In addition to resiliently supporting the window assembly 10 within the glass clearance chamber, the seals 16 and 20 cooperate with selected portions of the window assembly 10 and the mold sections 12 and 13 for defining a gasket forming cavity utilized to form a gasket 22 about the peripheral edge of the window assembly 10. More specifically, in FIG. 1, the gasket forming cavity is defined by the cooperation of a lower gasket shaping surface 23 of the lower mold section 12, an upper gasket shaping surface 24 of the upper mold section 13, portions 16a and 20a of the seals 16 and 20 respectively, and the peripheral edge portion of the window assembly 10. The gasket forming cavity can be constructed to form the gasket 22 on either the entire periphery of the window assembly 10, or on a selected peripheral portion. Once the mold sections are closed, a flowable polymeric gasket forming material can be injected into the cavity through suitable inlet means (not shown).

Referring to FIG. 2, there is show an elevational view of a portion of the window assembly 10 and the lower seal 16. While the seal 16 ideally constructed with a contour which conforms to the contour of the edge of the window assembly 10, due to the normal glass forming and bending operations, the window assembly often has a contour which is slightly different from the contour of the seal 16. In FIG. 2, there is shown at 25 a difference in contour between a peripheral edge portion of the window assembly 10 and an upwardly facing portion of the seal 16. The lower surface of the window assembly 10 in the area 25 is spaced upwardly from the seal 16 when the window assembly is placed in the upper surface of the seal 16. The contour difference 25 forms a space or gap 26 which, prior to the injection of the gasket forming material, must be sealed in order to prevent leakage of the gasket forming material past the seal 16, thereby producing undesirable flash on the finished gasket.

When the upper mold section is placed on the top of the window assembly 10, pressure is applied in the direction of the arrow 27. The gasket 16 will tend to deform by compressing in the regions on either side of the gap 26 and, if enough pressure is applied, the region of the gasket 16 adjacent the contour difference area 25 will contact the facing surface of the window assembly 10 to eliminate the gap 26. However, when such contact occurs, relatively little pressure is applied to the seal 16 by the area 25 of the window assembly 10, thereby increasing the possibility of a blowout which will allow leakage of the gasket forming material and prevent fill-out resulting in an incomplete gasket. In addition, the regions of the seal 16 on either side of the gap 26 are subjected to increased pressure which causes increased seal fatigue and results in premature seal failure. Further, if the increased pressure is excessive, breakage of the window assembly can occur.

There is shown in FIG. 3 a seal assembly according to the present invention. A window assembly 30, similar to the window assembly 10, is positioned in a mold 31 having a lower section 32 and an upper section 33. The mold sections 32 and 33 are typically formed of a metallic material and have recessed portions 34 and 35 respectively to form a chamber for receiving the window assembly 30 and preventing glass-to-metal contact between the window assembly and the mold sections. A stationary lower seal body 36, constructed of a non-deformable, non-compressible material such as Teflon material having a ninety durometer hardness, is positioned in a groove 37 and has a sealing surface 38 which engages a lower surface of the window assembly 30 to support the window assembly above the lower section 32. The groove 37 has an upwardly facing bottom wall 39 upon which the seal 36 rests and a side wall 40 against which the seal 36 is retained by a clamp 41. The clamp 41 can be retained in the groove 37 by any suitable fastener means.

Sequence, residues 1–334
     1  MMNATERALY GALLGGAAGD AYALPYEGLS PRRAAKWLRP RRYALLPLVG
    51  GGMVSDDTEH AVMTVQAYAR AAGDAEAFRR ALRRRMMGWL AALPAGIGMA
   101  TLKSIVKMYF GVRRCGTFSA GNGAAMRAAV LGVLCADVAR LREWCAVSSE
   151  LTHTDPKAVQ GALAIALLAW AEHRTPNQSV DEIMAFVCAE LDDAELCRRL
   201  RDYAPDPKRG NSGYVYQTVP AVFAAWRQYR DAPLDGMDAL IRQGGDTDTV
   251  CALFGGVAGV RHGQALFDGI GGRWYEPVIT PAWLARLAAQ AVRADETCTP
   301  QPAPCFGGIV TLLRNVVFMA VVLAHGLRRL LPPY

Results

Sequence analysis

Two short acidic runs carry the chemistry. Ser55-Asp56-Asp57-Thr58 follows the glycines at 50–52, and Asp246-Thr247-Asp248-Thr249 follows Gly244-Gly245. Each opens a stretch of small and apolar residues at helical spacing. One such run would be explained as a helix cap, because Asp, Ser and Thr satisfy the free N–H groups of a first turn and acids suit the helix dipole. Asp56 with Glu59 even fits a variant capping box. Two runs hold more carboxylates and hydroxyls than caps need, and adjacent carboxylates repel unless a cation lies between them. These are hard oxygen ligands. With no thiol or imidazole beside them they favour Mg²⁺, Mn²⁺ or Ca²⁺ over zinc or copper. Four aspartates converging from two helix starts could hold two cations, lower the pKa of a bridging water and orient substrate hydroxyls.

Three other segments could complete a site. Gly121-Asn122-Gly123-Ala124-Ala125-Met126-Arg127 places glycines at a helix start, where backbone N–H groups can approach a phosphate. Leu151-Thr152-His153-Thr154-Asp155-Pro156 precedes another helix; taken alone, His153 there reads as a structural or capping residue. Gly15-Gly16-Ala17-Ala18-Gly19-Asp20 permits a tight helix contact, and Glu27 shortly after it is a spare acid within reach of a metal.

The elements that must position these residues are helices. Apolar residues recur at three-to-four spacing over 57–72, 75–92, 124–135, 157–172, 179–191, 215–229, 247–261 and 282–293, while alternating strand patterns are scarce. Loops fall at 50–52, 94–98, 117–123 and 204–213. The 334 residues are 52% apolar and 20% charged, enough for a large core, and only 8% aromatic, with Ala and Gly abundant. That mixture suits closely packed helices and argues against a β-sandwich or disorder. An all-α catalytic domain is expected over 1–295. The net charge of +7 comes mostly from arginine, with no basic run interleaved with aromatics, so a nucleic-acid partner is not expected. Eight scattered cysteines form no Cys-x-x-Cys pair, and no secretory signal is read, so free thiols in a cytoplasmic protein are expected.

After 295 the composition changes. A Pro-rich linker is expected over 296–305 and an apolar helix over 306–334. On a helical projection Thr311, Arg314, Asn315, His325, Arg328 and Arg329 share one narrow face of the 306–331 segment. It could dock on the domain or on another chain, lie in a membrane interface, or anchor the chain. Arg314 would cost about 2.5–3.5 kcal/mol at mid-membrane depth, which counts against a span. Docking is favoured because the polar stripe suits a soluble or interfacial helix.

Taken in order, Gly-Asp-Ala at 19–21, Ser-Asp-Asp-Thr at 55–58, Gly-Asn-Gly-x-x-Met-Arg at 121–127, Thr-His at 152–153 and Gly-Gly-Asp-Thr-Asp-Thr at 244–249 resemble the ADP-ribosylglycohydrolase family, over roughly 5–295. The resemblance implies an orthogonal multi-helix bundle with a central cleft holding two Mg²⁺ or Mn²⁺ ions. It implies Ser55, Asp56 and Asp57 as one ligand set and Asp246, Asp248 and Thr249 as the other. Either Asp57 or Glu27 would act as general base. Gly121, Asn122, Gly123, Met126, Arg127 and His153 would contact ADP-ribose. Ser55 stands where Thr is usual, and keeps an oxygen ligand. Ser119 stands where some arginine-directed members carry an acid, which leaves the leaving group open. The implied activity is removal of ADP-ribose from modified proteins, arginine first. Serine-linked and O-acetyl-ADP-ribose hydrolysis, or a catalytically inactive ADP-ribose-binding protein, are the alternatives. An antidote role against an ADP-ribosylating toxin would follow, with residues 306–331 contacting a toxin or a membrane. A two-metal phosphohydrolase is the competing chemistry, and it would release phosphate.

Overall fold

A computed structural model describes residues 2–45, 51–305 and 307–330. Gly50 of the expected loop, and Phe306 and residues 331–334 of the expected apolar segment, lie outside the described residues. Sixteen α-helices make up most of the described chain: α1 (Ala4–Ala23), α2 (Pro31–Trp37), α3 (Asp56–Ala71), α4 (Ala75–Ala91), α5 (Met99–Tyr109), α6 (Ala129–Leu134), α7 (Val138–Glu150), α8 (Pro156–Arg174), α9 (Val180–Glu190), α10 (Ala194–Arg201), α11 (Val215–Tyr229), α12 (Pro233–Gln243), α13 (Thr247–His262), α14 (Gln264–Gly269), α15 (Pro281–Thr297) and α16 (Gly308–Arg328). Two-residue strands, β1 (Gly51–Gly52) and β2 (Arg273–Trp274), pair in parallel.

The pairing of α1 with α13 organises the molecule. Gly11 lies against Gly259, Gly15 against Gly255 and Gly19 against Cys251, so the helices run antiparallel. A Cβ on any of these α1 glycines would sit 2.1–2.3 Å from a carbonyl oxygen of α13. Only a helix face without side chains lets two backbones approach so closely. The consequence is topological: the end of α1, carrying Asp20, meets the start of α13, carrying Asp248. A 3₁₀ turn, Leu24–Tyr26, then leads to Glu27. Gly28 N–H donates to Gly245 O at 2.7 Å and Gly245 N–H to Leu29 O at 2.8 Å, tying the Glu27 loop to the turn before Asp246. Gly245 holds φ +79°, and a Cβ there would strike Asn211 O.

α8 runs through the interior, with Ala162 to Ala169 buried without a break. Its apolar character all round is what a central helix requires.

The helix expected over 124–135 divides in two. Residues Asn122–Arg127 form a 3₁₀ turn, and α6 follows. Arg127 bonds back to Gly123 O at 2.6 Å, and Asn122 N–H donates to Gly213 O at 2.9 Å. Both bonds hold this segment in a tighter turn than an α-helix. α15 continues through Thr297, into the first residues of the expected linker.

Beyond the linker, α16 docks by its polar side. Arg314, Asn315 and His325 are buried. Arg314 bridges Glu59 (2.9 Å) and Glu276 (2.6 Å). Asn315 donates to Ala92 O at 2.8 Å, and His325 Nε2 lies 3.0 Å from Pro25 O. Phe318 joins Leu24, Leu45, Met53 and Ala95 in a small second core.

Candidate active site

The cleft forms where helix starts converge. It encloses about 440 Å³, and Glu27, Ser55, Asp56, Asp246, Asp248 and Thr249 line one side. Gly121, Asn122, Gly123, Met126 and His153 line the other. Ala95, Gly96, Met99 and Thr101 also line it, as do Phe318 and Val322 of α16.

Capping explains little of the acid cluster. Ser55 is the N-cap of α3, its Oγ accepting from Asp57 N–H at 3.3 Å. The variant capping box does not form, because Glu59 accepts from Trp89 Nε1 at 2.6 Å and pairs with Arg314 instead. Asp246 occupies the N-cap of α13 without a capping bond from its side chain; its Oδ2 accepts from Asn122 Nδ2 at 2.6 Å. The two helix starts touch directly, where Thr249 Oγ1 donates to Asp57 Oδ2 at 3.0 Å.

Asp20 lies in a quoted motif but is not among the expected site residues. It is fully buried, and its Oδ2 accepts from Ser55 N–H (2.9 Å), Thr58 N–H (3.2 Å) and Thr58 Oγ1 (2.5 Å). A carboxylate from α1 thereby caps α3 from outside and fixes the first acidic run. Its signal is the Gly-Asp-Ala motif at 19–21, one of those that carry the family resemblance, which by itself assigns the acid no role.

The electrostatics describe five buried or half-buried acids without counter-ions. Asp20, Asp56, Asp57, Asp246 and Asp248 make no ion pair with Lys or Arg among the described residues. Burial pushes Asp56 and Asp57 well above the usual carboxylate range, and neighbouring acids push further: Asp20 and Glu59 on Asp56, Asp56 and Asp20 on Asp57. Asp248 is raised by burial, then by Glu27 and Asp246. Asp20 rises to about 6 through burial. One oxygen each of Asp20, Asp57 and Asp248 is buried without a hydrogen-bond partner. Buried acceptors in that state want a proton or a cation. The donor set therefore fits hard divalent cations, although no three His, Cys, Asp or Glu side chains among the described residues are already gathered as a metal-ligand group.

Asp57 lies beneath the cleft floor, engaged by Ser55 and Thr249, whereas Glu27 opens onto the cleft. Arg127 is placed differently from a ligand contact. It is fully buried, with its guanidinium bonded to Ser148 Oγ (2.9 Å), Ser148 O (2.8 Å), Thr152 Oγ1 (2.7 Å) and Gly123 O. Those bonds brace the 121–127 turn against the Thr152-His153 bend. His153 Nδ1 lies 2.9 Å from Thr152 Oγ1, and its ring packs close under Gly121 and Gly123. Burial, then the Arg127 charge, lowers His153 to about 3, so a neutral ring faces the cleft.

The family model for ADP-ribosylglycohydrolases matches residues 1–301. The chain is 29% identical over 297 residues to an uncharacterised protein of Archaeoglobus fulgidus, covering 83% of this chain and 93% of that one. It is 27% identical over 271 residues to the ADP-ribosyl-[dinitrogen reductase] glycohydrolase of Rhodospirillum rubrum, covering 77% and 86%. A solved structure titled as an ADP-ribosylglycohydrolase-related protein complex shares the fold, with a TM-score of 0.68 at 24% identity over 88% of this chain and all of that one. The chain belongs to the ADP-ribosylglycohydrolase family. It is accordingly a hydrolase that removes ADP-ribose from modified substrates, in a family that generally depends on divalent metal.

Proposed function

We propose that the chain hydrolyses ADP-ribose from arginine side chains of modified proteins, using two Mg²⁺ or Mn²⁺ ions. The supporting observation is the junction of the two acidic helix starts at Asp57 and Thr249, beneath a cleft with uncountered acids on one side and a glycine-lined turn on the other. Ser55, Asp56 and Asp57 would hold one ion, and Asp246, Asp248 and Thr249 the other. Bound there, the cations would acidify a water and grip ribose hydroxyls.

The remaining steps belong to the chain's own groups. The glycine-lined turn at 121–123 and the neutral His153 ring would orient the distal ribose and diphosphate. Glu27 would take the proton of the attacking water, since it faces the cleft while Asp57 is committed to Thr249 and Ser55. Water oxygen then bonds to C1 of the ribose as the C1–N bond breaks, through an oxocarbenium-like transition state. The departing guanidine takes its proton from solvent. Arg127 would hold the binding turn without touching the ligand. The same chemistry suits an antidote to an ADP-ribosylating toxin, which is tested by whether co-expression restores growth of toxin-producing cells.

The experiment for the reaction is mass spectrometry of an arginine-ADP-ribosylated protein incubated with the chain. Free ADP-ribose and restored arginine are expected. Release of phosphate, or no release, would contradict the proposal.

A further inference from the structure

An upper seal body 42 is constructed of three sections and is located in a groove 43 formed in the upper section 33 and has a sealing surface which engages the window assembly 30. The upper seal 42 is retained in the groove 43 by a clamp 44 which in turn can be retained in the groove 43 by any suitable fastener means. The lower section 32 and the upper section 33 have a lower cavity 45 and an upper cavity 46 respectively formed therein for forming a gasket which is similar to the gasket 24 in FIG. 1.

The upper seal body 42 includes an outer section 47, a center section 48, and an inner section 49. The outer section 47 and the center section 48 can be formed of a non-deformable, non-compressible material such as Teflon material having a ninety durometer hardness. The inner section 49 can be formed of a deformable, non-compressible material such as silicone rubber having a seventy durometer hardness. The outer section 47 is similar in shape to the lower seal body 36 and abuts a side wall 50 of the groove 43 formed in the upper mold section 33. The outer section 47 also rests against a bottom wall 51 of the groove 43 and is of such a length that it does not extend out of the groove 43 and into the upper cavity 46.

The center section 48 includes a sealing surface 52 which engages an upper surface of the window assembly 30. A V-shaped groove 53 is formed in a side wall of the center section 48 abutting the inner section 49 and adjacent the end of the center section 48 opposite the sealing surface 52. The center section 48 is spaced from the bottom wall 51 of the groove 43 and the sealing surface 52 extends beyond the adjacent end of the outer section 47.